An eyelid twitch is a repetitive, involuntary spasm of the eyelid muscles. A twitch usually occurs in the upper lid, but it can occur in both the upper and lower lids. For most people, these strong enough that it forces you to close your eyelid completely. Some people never have any noticeable signs. Spasms typically occur every few seconds for a minute or two. Episodes of eyelid twitching are unpredictable. The twitch may occur off and on for several days. Then, you may not experience any twitching for weeks or even months. The twitches are painless and harmless, but they may bother you. Most spasms will resolve on their own without the need for treatment. In rare cases, eyelid spasms may be an early warning sign of a chronic movement disorder, especially if the spasms are accompanied by other facial twitches or uncontrollable movements.
Eyelid spasms may occur without any identifiable cause, and because they are rarely a sign of a serious problem, the cause is not usually investigated. Nevertheless, eyelid twitches may be caused or made worse by:
- eye irritation
- eyelid strain
- lack of sleep
- physical exertion
- medication side effects
- use of alcohol, tobacco, or caffeine
How is it treated?
Most eyelid spasms go away without treatment in a few days or weeks. If they don’t go away, you can try to eliminate or decrease potential causes. The most common causes of eyelid twitch are stress, fatigue, and caffeine. To ease eye twitching, you might want to try the following:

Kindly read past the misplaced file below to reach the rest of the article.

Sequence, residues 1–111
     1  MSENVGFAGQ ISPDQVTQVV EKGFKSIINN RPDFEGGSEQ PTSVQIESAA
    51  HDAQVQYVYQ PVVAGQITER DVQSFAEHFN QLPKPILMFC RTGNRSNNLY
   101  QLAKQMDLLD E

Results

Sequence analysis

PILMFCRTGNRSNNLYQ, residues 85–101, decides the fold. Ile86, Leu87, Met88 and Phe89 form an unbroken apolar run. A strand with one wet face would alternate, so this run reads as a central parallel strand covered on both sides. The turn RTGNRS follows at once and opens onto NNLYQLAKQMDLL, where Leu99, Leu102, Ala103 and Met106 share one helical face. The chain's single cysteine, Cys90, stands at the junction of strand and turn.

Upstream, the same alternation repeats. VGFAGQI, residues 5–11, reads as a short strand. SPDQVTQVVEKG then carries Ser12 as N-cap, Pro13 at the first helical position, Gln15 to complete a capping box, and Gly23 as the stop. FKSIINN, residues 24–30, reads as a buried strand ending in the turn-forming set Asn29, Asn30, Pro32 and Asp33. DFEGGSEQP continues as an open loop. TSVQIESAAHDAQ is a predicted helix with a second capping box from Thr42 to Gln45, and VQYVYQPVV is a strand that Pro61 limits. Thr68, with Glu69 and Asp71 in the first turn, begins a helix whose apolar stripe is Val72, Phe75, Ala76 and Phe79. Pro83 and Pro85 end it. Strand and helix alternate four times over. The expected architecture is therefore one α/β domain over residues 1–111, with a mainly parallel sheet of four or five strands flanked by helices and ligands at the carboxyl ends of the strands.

- Drink less caffeine.
- Get adequate sleep.
- Keep your eye surfaces and membranes lubricated with over-the-counter artificial tears or eye drops.
- Apply a warm compress to your eyes when a spasm begins.
Botulinum toxin (Botox) injections are sometimes used to treat benign essential blepharospasm. Botox may ease severe spasms for a few months. However, as the effects of the injection wear off, you may need further injections. Surgery to remove some of the muscles and nerves in the eyelids (myectomy) can also treat more severe cases of benign essential blepharospasm. Physical therapy may also be useful for training the muscles in your face to relax.
If your eyelid spasms are happening more frequently over time, keep a journal and note when they occur. Note your intake of caffeine, tobacco, and alcohol, as well as your level of stress and how much sleep you’ve been getting in the periods leading up to and during the eyelid twitching. If you notice that you get more spasms when you aren’t getting enough sleep, try to go to bed 30 minutes to an hour earlier to help ease the strain on your eyelids and to reduce your spasms.
Eyelid twitches have many causes. The treatment that works and the outlook varies depending on the person. Research is being done to see if there’s a genetic link, but it doesn’t seem to run in families. Twitches related to stress, lack of sleep, and other lifestyle factors have the best outlook. If an underlying health condition is the cause, then treating the underlying condition is the best way to relieve the twitching.